Vijay Gupta is a violinist and educator whose efforts to merge music with mental health are changing the world, note by note. We were eager to chat with him before the conference to learn more about him. Join us for his session on Thursday, September 24, The Medicine of Music, sponsored by Cigna.
You have said that making music is not just a form of entertainment, but that the arts are critical lifelines. How has music been a lifeline for you personally during the pandemic? In light of social distancing, have you still been engaging with communities and continuing your musical advocacy during this time?
Through COVID, we have experienced burnout, loss, and alienation. But we also possibly experienced what it is like to be confronted with the vast open frontier of ourselves, and thought about our purpose in the world. When we confront ourselves with our own freedom, we are compelled by a choice: are we going to sink into a small, walled-off isolation, or will we take the deep, solitary dive into our internal well?
During the pandemic, I found myself leaning into the deep discomfort of cultivating a daily practice—not only of making music, but of “solitary deep dives” into reading, working out, writing—while encouraging my team to do the same. I've had to counter my usual response to burnout, often “doom-scrolling” through social media, by cultivating a lifeline of creative discipline. This is a spiritual practice, and in the Hindu culture of my upbringing, the Sanskrit word sadhana means an “act of daily worship.” You can follow my creative sadhana on Instagram where I share music, my love for photography, and insights in the form of quotes and writing.
The work of my organization, Street Symphony, serves to connect individuals recovering from homelessness and incarceration through music. Through COVID, we’ve been visiting with our colleagues and program participants in Skid Row through the dedication of our incredible partners, who have prioritized the human connection brought about through music.
We’ve reconfigured our music programs to be delivered through Zoom, and when possible, we’ve been visiting our partners in Skid Row—The Midnight Mission and The Weingart Center—just one musician at a time, while our staff joins in through a computer. We’re also working closely with the California Department of Corrections and Rehabilitations to continue delivering our programs through prison TV channels, reaching all 35 prisons across California.
Music does many things, one of which is to help tell stories. Looking at the civil unrest in the wake of George Floyd’s death, and the demand for racial justice that we’re seeing across the globe, how can music help tell those stories?
Music allows us to hold space for pain and loss, but it also is a touch of grace that reminds us that when we connect to our truest selves, we are far more than just our pain. Music helps us bear witness to pain—both the external pain of injustice and our own internal alienations. Hurt people hurt people. It's our job to find our own path to becoming braver citizens of our world, and to address (perhaps even lovingly confront) own inner unrest. That inner alchemy is the only place where we might begin to manifest a truly amazing grace.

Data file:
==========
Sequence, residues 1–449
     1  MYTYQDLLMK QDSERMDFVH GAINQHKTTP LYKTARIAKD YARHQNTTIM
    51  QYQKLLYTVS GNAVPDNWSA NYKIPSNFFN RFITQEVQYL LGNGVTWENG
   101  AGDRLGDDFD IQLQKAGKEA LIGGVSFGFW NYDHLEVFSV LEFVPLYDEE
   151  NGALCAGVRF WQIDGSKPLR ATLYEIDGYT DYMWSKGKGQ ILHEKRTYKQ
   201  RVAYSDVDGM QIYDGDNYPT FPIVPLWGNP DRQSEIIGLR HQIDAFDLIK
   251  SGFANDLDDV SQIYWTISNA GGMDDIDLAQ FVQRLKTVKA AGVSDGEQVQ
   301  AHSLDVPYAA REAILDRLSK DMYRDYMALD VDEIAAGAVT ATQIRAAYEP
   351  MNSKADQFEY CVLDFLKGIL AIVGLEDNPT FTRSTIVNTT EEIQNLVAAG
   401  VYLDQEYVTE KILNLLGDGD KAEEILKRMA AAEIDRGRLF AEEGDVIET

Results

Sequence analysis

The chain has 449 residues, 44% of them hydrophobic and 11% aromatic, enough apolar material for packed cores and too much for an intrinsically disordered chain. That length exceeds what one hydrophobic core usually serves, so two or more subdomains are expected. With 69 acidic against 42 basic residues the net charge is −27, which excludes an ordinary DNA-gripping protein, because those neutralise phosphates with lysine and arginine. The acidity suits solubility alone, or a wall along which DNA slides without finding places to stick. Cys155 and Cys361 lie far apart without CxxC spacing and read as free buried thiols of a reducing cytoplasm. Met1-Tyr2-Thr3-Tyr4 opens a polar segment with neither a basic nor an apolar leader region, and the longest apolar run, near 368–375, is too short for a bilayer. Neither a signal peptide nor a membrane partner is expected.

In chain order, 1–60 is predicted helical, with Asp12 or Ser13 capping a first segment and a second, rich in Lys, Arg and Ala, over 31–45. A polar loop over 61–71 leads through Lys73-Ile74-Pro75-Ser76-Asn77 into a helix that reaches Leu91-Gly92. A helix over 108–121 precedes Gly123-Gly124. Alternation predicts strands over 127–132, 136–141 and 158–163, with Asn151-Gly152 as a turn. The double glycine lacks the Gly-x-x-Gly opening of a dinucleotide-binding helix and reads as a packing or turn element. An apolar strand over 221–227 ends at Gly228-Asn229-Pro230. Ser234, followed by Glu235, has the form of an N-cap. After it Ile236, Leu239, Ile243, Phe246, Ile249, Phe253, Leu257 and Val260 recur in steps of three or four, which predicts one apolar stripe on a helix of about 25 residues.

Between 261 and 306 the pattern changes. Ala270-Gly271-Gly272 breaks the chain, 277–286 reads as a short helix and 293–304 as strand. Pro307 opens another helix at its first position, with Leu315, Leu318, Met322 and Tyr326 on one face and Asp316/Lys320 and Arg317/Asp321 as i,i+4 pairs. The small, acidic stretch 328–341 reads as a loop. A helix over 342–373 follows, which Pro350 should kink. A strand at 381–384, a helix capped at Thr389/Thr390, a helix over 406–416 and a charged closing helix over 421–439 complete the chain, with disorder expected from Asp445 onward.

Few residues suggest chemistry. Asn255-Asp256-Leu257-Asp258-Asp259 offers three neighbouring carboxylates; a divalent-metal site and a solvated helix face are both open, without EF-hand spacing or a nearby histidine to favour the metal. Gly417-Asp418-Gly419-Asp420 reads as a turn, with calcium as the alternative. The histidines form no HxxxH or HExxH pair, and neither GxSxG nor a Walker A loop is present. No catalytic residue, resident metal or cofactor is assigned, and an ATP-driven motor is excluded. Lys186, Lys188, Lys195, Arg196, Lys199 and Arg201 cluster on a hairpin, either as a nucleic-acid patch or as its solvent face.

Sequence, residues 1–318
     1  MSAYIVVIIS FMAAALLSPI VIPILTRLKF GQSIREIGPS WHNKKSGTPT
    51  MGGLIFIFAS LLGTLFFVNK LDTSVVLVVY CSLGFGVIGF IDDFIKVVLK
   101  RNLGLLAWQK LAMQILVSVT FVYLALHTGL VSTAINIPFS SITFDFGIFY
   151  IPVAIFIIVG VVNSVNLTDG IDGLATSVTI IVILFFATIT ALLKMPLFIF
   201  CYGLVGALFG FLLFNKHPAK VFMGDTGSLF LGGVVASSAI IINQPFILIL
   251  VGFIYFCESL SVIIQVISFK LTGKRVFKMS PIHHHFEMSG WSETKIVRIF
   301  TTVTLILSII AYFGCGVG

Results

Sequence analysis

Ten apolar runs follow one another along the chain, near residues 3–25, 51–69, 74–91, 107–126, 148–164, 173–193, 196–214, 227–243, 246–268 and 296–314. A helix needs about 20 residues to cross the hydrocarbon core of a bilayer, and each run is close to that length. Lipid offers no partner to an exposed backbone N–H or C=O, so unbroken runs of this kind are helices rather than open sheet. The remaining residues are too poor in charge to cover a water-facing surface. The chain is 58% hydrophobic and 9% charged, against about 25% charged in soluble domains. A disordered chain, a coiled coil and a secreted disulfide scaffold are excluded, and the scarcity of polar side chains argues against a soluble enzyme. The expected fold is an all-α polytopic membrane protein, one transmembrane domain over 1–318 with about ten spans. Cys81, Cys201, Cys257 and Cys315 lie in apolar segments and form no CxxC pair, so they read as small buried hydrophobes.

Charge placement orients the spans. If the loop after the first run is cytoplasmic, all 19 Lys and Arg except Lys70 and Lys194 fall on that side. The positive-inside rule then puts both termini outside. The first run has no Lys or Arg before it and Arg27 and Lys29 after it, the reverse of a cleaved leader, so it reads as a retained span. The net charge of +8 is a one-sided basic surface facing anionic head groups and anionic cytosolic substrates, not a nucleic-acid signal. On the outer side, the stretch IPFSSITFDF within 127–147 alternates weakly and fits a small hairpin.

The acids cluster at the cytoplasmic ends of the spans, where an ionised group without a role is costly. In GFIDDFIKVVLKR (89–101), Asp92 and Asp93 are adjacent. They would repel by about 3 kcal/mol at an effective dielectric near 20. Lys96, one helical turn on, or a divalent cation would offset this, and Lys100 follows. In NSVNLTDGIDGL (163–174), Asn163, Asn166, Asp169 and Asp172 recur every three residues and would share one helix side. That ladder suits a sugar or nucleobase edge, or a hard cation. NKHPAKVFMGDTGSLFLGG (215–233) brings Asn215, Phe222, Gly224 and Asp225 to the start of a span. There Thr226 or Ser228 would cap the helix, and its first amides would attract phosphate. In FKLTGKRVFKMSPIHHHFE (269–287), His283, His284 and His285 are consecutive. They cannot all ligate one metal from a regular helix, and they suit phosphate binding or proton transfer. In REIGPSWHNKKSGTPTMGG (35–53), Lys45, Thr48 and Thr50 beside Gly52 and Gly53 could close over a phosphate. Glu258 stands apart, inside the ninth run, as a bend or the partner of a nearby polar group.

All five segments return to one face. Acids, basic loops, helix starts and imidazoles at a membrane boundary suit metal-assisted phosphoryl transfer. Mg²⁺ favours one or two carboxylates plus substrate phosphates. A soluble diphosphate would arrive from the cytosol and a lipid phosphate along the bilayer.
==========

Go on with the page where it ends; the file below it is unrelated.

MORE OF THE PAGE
What are some specific lessons that you’ve learned along the way that local government leaders should keep in mind when it comes to public service and making life better for the residents they serve?
There is no us and them. Anything which holds “us”—leaders, visionaries, stewards—apart from “them” —the poor, the marginalized, the “other”—is a myth that serves to alienate those who we wish to serve. It's also a myth that alienates us into having to be the people who only engage when there’s a problem, who only engage when there's the right amount of money, leadership, and programs. One of the many lessons I’ve learned from the Skid Row community of Los Angeles is that when you call people a “problem” and you call yourself a “fixer,” a toxic power dynamic leads to the further entrenching of those labels. We label people as “cases” to be solved by “case-workers.” When we prioritize the problem over the relationship, we create a world where our end goal is not a celebration of humanity and connectedness, but rather a headlong dive into solving “the next problem.” What would our world be like if we simply asked: when we are together, how do we want to be?
Do you have any advice for the next generation of local government leaders, who are just now entering the workforce and beginning their career?
I’ve been wondering how self-care is the disengagement from systems of self-harm. We often turn to self-care after we’ve engaged with systems that extract, damage, and outrage us. I wonder if this leaves us in a kind of void, where all we can do is consume “wellness” in ways that leave our whole well-being out of the picture. But what if we chose not to react to pain, but to respond? How might we respond—with a slow, steady courage—in a way that is rooted fundamentally in care for the well-being of the whole? In this way, how might we change the context of our engagement with the world to create a place where we’re always nourishing our highest selves? The writer Parker Palmer says that to be whole, we need to “create places between us where the soul feels safe enough to show up and make its claim on our lives.” Where does your soul claim your life? I feel my soul show up in the transcendence of service. I’m trying to lean in to what gives me life.
Registration for UNITE: A Digital event is still open! All sessions will be available on-demand through December 31, 2020. Register today!